Every freelance writer his or her way of keeping track of deadlines. However, each time I see a forum post, blog comment, or discussion group post asking how to do this it stirs fires of curiosity within me. When those who state they are full-time freelance writers with a decade more of experience say they have no idea how to keep track of deadlines, fire is usually shooting out of my ears and setting my hair on fire. Figuratively speaking, of course. So, I feel it’s time to cover how to keep track of deadlines.
Tracking Deadlines Isn’t a New Phenomena
We’re not discussing a new concept here, or one that doesn’t have thorough coverage elsewhere. Are writers posting these questions because they want to learn what others are doing or because they don’t want to research this coverage? Perhaps it’s a bit of both. Anyone who writes for any length of time can attest to the fact that networking is an essential part of battling loneliness.
How do writers keep track of their deadlines? There are millions (Okay, maybe not millions. It seems like millions. Thousands? We’ll say it’s a LOT.) of ways to keep track of deadlines. Let’s look at a few (million?) of them:
● Evernote: some writers swear by using Evernote because it has a host of tools including ways to keep track of notes and to-do lists. You’ll also find a reminder tool for deadlines, as well! ● Google Calendar: not everyone has access to Microsoft Outlook and, in my opinion, Google Calendar is a workable alternative. It automatically synchs birthdays from your contacts (if they’ve updated them), as well as holidays. Add a deadline, set a reminder, and you’re good to go. ● Trello: when I’m talking to other freelance writers, they talk about Trello most often. Not only do they love it for tracking deadlines but also for managing their projects. You can use it on your desktop and sync it to your handheld devices.
No Interest in Using Tech to Track?
Okay, you’re not alone. Some freelance writers asking the, “how the heck do I keep track of my freelance writing deadlines,” have no interest in using tech. Why? The reason could be for a variety of reasons including:
● They already feel they have enough accounts to manage for their clients, as well as their freelance writing business (website, blog, social media, etc.). ● Technology may not be their cup of tea and adding more to that list seems like more hassle than it’s worth. ● In the past, technology may not have been a reliable resource for them, and they’re seeking alternatives.
What is the Alternative?
Well, I use some tech, and I mix it in with old-school tracking. The main reason is that I love paper, pens, and any reason to grab a highlighter. Post-it notes are also my favorite. When I launched my freelance writing business twenty years ago, visiting the office supply store was akin to some women hitting a shoe store or cosmetics counter. I was in Heaven.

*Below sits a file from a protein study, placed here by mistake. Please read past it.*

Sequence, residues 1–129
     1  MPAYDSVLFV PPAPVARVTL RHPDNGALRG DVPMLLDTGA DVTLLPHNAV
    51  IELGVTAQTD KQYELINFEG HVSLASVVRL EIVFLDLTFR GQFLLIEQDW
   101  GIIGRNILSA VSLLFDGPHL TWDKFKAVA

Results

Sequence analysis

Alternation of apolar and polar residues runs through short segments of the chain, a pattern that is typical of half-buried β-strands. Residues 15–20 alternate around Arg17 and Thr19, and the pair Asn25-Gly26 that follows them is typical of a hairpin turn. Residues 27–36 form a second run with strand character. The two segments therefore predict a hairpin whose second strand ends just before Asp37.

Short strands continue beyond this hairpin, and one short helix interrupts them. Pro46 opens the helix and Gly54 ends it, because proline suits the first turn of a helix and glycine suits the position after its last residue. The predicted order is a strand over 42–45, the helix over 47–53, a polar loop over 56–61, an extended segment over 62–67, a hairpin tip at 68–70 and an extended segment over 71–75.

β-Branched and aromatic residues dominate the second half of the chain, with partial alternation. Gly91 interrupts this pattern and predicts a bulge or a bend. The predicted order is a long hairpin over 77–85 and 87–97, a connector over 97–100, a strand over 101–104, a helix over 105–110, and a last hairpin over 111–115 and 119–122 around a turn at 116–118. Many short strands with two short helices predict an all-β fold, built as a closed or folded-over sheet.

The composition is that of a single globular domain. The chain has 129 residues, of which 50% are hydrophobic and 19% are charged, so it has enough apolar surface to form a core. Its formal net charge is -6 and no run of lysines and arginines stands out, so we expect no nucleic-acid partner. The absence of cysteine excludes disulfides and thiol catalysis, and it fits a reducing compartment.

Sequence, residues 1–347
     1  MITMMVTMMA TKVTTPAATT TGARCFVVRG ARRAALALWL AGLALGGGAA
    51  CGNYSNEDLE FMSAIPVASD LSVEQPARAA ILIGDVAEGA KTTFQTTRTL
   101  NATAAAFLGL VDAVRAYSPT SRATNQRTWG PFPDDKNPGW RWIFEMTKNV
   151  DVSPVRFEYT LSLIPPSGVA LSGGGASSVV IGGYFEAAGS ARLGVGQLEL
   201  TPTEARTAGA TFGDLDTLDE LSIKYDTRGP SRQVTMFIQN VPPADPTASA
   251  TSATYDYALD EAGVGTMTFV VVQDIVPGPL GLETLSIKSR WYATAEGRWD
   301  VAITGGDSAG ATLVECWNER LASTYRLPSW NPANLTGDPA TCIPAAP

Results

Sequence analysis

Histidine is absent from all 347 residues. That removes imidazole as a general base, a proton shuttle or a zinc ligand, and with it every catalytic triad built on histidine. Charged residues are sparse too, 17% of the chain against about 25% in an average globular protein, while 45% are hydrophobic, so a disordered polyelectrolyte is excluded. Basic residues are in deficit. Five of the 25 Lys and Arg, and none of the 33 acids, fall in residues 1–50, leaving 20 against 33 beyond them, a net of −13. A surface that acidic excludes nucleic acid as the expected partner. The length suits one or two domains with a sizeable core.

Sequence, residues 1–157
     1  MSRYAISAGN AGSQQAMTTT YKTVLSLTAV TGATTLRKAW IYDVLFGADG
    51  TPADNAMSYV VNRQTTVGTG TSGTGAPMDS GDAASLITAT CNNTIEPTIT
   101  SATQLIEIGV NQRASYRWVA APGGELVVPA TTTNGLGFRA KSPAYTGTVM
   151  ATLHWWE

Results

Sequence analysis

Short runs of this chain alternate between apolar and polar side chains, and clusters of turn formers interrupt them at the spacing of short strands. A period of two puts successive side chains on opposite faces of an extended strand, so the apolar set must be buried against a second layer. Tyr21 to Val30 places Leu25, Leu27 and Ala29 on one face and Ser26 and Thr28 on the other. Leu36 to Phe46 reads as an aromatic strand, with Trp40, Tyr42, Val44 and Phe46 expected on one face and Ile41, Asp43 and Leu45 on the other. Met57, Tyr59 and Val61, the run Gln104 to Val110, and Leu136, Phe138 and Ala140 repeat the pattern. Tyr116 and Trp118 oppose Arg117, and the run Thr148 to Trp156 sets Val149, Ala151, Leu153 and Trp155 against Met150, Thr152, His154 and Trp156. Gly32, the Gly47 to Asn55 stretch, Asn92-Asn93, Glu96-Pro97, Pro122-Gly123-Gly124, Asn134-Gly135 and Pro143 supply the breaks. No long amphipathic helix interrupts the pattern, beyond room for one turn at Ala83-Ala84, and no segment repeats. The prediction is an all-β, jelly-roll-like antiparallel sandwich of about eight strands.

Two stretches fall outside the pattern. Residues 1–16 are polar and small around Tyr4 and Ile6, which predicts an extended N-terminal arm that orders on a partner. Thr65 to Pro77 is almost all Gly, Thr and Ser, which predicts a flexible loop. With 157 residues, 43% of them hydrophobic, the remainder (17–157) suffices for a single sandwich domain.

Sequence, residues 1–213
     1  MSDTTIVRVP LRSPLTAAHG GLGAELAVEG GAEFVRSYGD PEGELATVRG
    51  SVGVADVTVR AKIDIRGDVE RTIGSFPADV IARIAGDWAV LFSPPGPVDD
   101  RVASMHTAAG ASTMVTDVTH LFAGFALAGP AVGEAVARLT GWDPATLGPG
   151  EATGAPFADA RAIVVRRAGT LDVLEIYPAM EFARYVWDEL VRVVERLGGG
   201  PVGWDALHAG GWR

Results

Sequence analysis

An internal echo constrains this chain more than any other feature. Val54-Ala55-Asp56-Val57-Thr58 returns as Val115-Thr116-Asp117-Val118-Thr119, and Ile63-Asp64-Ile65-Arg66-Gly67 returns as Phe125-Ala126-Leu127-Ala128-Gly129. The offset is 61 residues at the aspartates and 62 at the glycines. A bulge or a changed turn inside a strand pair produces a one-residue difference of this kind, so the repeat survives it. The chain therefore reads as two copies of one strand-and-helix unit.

Anyway, I’m getting off track — alternatives!
Here’s how I track my deadlines:
The majority of my clients provide editorial briefs, so I print those out. I know many freelance writers like working paperless, but that method doesn’t work for me. I need to see information tangibly to commit it to memory. Once I receive the brief in my hands, I do the following:
● Planner: I have a spiral bound daily planner I keep MY ENTIRE CAREER in, including freelance writing deadlines. When I write the deadline in, I write it one or two days before the actual deadline as the “soft” due date. Then, I write the actual deadline in as the “hard” due date. I like to turn things in early. ● Wall Calendar: I have a large desk calendar (I picked out a pretty one instead of the standard, boring white most office supply stores offer) hanging directly above my desk. I write all my deadlines on there. Each client is written in a different color. ● Spreadsheet: I have a spreadsheet for my anchor clients and, in addition to other information contained on the editorial briefs, I write the hard and soft deadlines.
Why does this method work for me?
The main reason this method for tracking deadlines works for me is that I can see my entire week in front of me on the wall calendar. Therefore, I can see what’s coming up and plan my work schedule accordingly in my daily planner. If I have several deadlines coming up in one week, then I know I have to schedule time for researching and drafting so I can get those out on time.
How long have I been using this method?
In the past, I tried using apps and calendar reminders. However, I found myself struggling because I was toggling between too many screens. I already mirror my laptop to a larger monitor because I keep my email accounts open on my laptop. Then I keep my client accounts, research, and a word processor open on tabs on the mirrored monitor. Then, I have another laptop open to keep track of my spreadsheets and accounting.
If I didn’t do this, I’d be toggling through at least eleven screens on one computer. For me, that’s too overwhelming. I know other freelance writers who keep up to thirty tabs open and don’t think it’s a big deal. Kudos to them and I have the utmost respect for their ability to manage that. Personally, I can’t. I need separation to maintain optimal organization and ensure a smooth working day.
Over to You: How Do You Tackle Deadlines?
Now that we’ve gone over some resources for tracking deadlines and I’ve discussed what works for me, I’d love to hear from you. How do you tackle deadlines? What has or hasn’t worked for you currently or in the past? In the end, we’re all here to support each other and see each other succeed!